“Owls of the Carolinas” offered for October home school program

Published 10:00 pm Friday, September 9, 2016

Pam Torlina, director of stewardship and land protection for the Pacolet Area Conservancy (PAC), will be presenting “Owls of the Carolinas” on Thursday, Oct. 27, at the Landrum Library at 2 p.m. This presentation is for the monthly homeschool program that is held every fourth Thursday at the Landrum Library.

Torlina’s presentation will focus on several species of owls found in the Carolinas and highlight the special characteristics that make them successful predators of the night.

During the presentation, participants will get an up-close look at feathers, talons, and owl specimens in order to gain a better understanding of their unique characteristics. (It is illegal to possess any part of a migratory bird without the proper permitting, and PAC is permitted by the federal government to collect and possess bird specimens to be used for educational purposes.)

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After the initial presentation, participants will become citizen scientists as they dissect owl pellets, the clean and odorless material from prey that can’t pass through the owl’s intestine, such as fur, feathers and bones. The material found in an owl pellet provides important information about the diet of a particular owl species and these clues are used to help scientists better understand owls, their habitat requirements. Participants will discover, hands on, what an owl eats and learn to identify the prey of an owl.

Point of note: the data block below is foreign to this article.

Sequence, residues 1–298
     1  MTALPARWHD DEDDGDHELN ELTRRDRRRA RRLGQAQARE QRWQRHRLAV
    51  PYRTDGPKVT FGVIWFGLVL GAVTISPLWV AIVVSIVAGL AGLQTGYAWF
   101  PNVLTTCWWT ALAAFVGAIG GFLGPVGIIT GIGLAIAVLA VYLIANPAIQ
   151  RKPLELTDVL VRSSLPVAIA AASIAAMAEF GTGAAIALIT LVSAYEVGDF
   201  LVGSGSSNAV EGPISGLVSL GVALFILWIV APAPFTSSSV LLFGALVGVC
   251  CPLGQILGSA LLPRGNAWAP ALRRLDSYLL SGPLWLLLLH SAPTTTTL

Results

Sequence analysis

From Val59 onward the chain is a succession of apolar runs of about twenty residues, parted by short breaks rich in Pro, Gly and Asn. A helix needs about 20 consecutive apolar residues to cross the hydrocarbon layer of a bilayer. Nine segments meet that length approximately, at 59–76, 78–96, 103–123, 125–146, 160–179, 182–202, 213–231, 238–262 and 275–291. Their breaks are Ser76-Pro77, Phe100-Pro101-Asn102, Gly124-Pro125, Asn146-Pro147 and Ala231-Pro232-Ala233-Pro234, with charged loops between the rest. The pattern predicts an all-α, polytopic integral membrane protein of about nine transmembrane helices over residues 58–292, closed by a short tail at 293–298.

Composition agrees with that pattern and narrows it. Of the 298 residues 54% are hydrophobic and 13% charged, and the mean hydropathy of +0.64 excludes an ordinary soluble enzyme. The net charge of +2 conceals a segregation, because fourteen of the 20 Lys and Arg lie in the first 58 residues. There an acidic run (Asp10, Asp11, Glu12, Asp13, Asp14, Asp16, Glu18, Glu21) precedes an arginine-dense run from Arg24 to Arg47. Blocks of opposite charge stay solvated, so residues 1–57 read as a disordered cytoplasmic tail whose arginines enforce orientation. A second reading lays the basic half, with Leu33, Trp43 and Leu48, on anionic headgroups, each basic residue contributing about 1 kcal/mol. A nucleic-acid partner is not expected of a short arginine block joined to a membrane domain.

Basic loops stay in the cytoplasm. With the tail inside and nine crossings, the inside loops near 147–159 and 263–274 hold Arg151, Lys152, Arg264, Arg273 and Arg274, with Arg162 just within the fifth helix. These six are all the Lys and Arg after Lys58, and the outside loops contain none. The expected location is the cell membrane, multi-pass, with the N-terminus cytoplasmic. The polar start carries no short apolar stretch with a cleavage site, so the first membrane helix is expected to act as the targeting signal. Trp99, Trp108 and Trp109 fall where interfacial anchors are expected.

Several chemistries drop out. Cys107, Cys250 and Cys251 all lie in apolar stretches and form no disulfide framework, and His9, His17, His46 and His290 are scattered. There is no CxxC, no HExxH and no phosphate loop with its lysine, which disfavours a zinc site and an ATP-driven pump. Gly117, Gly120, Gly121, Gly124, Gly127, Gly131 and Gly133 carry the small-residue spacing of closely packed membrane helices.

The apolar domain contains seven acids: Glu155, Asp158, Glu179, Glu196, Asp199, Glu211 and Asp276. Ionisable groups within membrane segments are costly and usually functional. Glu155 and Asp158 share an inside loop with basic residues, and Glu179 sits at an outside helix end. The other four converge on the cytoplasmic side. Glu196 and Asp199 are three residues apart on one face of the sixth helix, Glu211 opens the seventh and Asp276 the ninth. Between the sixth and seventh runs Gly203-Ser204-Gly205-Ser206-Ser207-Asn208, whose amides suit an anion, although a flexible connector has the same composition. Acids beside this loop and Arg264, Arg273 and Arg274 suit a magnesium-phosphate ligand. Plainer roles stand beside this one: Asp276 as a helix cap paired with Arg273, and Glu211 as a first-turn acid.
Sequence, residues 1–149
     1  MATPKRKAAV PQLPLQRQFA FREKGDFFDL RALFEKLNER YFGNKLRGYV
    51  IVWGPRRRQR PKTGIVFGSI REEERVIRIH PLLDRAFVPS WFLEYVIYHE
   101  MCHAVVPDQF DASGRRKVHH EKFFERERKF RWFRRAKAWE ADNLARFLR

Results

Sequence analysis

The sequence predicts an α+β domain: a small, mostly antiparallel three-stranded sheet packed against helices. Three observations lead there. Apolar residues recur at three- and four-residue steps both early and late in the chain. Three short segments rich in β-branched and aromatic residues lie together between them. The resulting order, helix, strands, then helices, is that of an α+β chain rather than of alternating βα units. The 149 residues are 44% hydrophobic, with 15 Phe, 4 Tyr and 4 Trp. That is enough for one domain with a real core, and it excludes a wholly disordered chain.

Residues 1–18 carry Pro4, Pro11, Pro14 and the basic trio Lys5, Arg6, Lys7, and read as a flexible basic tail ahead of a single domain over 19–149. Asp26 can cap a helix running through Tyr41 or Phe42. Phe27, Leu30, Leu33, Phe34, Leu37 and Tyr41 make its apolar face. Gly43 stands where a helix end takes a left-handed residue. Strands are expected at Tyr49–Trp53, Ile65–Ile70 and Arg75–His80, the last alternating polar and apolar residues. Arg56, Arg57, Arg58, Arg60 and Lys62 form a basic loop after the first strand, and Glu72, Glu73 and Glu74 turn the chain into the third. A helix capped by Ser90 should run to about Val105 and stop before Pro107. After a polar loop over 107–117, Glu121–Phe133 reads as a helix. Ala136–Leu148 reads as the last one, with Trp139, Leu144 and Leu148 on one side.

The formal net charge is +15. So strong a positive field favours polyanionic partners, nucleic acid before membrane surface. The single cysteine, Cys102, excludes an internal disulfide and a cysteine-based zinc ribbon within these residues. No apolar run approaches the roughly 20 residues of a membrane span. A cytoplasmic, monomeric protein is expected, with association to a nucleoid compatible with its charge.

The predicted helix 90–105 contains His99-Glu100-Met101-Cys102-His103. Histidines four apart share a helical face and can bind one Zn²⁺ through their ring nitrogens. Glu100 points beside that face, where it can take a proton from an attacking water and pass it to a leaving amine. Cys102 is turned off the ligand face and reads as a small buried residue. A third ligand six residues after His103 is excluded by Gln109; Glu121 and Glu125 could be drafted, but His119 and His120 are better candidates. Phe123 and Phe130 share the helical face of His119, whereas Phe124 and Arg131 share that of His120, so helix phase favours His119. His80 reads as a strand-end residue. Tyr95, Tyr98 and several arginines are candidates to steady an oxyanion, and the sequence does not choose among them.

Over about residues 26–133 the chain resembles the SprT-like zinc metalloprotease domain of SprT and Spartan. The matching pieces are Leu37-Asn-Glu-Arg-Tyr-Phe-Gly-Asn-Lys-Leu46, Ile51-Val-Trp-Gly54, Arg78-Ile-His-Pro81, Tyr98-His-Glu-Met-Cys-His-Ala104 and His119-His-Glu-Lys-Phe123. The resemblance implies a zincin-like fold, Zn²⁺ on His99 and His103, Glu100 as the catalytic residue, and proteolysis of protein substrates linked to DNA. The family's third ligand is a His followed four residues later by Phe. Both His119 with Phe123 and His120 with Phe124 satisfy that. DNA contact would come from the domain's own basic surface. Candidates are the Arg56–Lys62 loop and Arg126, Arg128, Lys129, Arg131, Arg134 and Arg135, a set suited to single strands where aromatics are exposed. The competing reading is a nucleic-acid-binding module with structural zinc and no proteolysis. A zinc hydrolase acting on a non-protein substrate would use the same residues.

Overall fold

Torlina, a biologist, has been with PAC serving as the director of stewardship and land protection for 10 years. She has 20 years of experience as a field biologist, naturalist, and outdoor educator. She has worked with the South Carolina State Park Service, the City of Greenville Parks and Recreation-Youth Bureau, the New York State Office of Parks and Recreation and Historic Preservation.

She also worked at Haliburton Forest and Wild Life Reserve, in Haliburton, Ontario, Canada, where she has performed surveys on annual migratory and breeding birds, nocturnal owls, hawks and woodpeckers; presented educational programs on birds for adults and children; conducted nest searches and nest record data in the U.S. and Canada; participated in data collection for the most recent Ontario Breeding Bird Atlas; and volunteered with a licensed bird bander over the past several years.

– article submitted by Leasa Hall